By Natan Schleider, M.D.

Department of Health Advertisement on Cold and Flu Prevention (Circa Early 1900s)

‘We can put a man on the mood but can’t cure the common cold.” My grandmother would shake her head. saying this repeatedly, making me chug grape flavored Dimetapp and prune juice. This was her cold remedy cocktail and my have the cold remedy cocktail options grown. Walk through a large pharmacy’s Cold and Flu section without the Physician Desk Reference and you’re lost.

So while no cure exists for the common cold, also called a viral upper respiratory tract infection or URI, studies have been done revisiting whether common remedies used were, in fact, helpful or not. Some are even harmful.

The following seven remedies have good data to support their efficacy in relieving cold symptoms:

  1. Acetaminophen (aka Tylenol)
  2. Combination anthistamine plus decongestant (IE Zyrtec-D)
  3. Intransal ipratropium bromide (aka Atrovent) – particularly helpful for reducing the lingering cough after the infection which can last weeks
  4. Intranasal oxymetazotine aka Afrin – not to exceed 10 days
  5. Lactobacillus casei 22 grams per day in dairy products for 3 months
  6. NSAIDs – ie Advil or Alleve
  7. Zinc acetate or zinc gluconate – 80 to 92 mg per day within 3 days of symptom onset and continue until symptoms resolve

And now the list of remedies historically thought to have worked but proven no better than placebo for cold symptoms like cough: acetylcysteine, antibacterial antibiotics, antihistamines taken alone (that is, without a decongestant bundled in), antitussives and expectorants, codeine, echinacea, intranasal corticosteroids, African geranium, steam, garlic, Vitamin C. Vitamin D, and Vitamin E which actually worsened cold symptoms at doses of 200 mg or more.

So use the above list to help shop for cold symptom remedies and feel free to comment.


Thanks for reading,

Natan Schleider, M.D.


Vintage American Heart Association Poster Circa 1970s

July 20th, 2019

By Natan Schleider, M.D.

As our arteries clog with cholesterol and get occluded by thick unhealthy walls for high blood pressure, smoking, and other risk factors, most of us feel nothing. Then things hit a tipping point–that is, the arteries which bring oxygen rich blood to our organs and muscles become so narrow that the following examples can happen often quite suddenly:

  • A stroke occurs in our brain resulting in paralysis or weakness or difficulty speaking or seeing (depends on which artery of the brain has stopped feeding the part of the brain responsible for our movements, thoughts, vision, etc)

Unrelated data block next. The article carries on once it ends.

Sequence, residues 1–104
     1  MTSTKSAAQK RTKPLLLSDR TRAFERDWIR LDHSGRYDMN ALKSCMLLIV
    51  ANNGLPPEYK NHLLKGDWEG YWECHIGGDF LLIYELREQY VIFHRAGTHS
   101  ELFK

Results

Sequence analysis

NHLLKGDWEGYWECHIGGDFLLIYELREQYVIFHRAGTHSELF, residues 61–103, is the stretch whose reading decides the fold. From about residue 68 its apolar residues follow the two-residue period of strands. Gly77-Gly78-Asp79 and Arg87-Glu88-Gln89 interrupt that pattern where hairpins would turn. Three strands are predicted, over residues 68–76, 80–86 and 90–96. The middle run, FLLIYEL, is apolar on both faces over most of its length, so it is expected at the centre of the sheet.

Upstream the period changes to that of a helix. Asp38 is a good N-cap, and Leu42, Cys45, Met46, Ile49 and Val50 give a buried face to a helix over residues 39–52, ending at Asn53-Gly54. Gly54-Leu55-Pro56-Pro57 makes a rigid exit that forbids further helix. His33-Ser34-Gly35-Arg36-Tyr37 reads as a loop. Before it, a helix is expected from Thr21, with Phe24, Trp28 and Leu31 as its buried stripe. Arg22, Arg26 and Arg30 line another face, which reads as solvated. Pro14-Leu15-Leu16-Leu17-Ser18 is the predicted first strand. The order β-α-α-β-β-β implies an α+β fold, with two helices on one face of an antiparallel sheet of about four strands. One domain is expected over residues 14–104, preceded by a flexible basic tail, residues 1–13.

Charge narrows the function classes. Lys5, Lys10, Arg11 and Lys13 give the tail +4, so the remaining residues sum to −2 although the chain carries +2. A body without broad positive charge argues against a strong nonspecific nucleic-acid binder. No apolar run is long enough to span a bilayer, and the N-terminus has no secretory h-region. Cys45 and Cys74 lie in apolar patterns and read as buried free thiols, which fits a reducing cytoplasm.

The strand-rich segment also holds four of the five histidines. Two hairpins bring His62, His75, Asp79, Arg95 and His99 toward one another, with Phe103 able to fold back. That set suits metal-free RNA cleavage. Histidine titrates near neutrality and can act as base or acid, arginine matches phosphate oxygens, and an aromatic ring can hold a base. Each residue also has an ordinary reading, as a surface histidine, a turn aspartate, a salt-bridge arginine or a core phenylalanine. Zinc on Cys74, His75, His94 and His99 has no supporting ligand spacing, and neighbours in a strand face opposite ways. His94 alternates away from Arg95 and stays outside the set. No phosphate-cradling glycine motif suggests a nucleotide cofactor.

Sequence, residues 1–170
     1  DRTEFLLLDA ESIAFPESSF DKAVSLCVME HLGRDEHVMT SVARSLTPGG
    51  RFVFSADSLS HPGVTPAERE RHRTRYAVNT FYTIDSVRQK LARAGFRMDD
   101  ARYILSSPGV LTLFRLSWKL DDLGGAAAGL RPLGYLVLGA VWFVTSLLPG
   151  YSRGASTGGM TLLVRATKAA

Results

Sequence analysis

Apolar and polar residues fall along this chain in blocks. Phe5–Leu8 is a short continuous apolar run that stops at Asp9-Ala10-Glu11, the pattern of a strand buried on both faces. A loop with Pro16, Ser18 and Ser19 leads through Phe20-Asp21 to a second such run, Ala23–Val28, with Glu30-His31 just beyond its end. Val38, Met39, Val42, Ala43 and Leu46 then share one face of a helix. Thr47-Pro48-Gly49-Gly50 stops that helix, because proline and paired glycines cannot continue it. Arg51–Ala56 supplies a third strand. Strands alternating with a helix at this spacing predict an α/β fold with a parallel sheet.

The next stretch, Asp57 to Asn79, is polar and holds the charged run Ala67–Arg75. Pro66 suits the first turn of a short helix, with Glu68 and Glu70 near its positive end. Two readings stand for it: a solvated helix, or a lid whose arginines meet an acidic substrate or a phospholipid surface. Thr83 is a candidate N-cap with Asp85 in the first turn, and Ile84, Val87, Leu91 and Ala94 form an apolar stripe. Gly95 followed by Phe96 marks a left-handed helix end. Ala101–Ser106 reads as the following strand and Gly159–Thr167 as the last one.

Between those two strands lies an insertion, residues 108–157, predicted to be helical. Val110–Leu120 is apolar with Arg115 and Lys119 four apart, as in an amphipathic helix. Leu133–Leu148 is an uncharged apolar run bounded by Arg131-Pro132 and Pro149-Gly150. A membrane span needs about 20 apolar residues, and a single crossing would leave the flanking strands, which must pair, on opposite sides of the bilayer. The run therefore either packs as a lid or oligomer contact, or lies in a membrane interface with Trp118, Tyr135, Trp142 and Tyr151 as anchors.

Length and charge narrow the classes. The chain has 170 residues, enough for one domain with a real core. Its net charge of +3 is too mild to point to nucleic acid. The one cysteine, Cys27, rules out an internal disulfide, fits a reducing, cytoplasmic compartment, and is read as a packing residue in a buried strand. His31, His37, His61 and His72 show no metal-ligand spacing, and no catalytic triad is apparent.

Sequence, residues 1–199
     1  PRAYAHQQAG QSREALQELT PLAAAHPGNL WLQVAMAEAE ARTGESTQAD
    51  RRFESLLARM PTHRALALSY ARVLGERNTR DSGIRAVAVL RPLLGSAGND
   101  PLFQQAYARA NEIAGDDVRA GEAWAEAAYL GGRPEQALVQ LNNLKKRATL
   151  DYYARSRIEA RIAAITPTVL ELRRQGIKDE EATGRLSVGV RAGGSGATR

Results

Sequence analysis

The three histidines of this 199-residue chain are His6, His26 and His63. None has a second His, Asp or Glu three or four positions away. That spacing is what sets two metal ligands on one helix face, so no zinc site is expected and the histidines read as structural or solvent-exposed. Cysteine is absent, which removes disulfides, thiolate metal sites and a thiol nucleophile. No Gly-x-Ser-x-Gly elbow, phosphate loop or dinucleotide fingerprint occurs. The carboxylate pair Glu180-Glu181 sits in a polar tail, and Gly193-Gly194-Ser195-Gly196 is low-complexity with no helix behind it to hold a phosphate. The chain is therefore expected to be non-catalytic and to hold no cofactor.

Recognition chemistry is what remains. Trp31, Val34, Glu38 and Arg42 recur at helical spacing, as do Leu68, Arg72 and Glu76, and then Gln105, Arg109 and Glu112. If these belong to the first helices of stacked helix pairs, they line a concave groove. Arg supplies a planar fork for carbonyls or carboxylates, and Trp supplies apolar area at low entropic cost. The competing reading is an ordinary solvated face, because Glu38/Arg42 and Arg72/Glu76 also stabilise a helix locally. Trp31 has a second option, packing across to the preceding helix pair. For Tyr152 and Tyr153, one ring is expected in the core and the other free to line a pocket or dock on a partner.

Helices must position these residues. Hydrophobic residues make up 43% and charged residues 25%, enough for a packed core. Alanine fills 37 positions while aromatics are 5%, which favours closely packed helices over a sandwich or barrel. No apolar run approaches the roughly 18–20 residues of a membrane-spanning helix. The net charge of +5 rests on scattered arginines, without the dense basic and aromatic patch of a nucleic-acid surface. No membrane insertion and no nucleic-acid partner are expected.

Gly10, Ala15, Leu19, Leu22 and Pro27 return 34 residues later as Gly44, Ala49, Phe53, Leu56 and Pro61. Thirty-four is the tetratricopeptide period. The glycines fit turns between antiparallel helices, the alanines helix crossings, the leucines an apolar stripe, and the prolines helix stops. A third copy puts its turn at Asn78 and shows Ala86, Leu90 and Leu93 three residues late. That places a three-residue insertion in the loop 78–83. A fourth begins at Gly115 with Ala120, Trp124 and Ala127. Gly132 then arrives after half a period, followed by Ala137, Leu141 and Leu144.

• Our hearts suffer damage which patients describe as chest pain/pressure OR can loose so much blood flow so quickly it stops pumping and the patient dies in what is called Sudden Cardiac Death
  • The arteries that feed our kidneys (an organ that requires almost as much oxygen-rich blood as the brain and heart’) clog and the patient suffers leg swelling, electrolyte problems, and ultimately kidney failure
  • The arteries in our legs get clogged resulting in pain or fatigue in the legs with exertion, often relieved by rest

What I want to emphasize is that while atherosclerotic disease can kill quickly and suddenly, it can also leave the patient severely disabled and in pain so if your attitude is: ‘Well, I’ll just enjoy my greasy cheeseburgers ’cause I gotta live and then I’ll keel over and die painlessly,’ you may want to think again.

An excellent example of this is one major risk factor for artery clogging caused hypertension or high blood pressure, know as the “Silent Killer.’ Most of the time people do NOT feel their high blood pressure and it only causes death or serious non-reversible damage. How? High blood pressure causes artery walls to become thick and really stiff. As the walls thicken, less blood flow occurs until, you got it, the lumen of the artery is too small to provide oxygenated blood.

So there are some basic (rather over-simplified) warning signs on atherosclerotic disease.

In Part III we will looks at more specific risk factors for artery clogging.

Thanks for reading!

Natan Schleider, M.D.

‘You’re at risk for artery clogging like a heart attack, stroke, kidney disease. See the plumber.’ Says my General Practitioner.


By Natan Schleider, M.D.

July 11th, 2019

Vintage Anatomical Print of The Heart

6:00 AM: Opened my weekly pill organizer taking an aspirin, a statin (IE atorvastatin generic for Lipitor), blood pressure medicines, and quickly drank my coffee through a straw (which supposedly prevents teeth staining)

6:15 AM: My 6 year old daughter Ellie wakes up, rubs her eyes, and says ‘Daddy, cereal?’ I pour a bowl of ‘CAN HELP lower CHOLESTEROL‘ Cheerios with Silk Almond milk at 30 calories per serving.

Cardiovascular disease (CVD) which includes clogging of arteries to the heart, brain and kidneys namely accounts for approximately 800,000 deaths in the United States (US), or one out of every three deaths. On an average day in America of 2192 die from CVD. Note these number does not include people that just have non fatal events like heart attacks, angina, and strokes that leave you weak or paralyzed.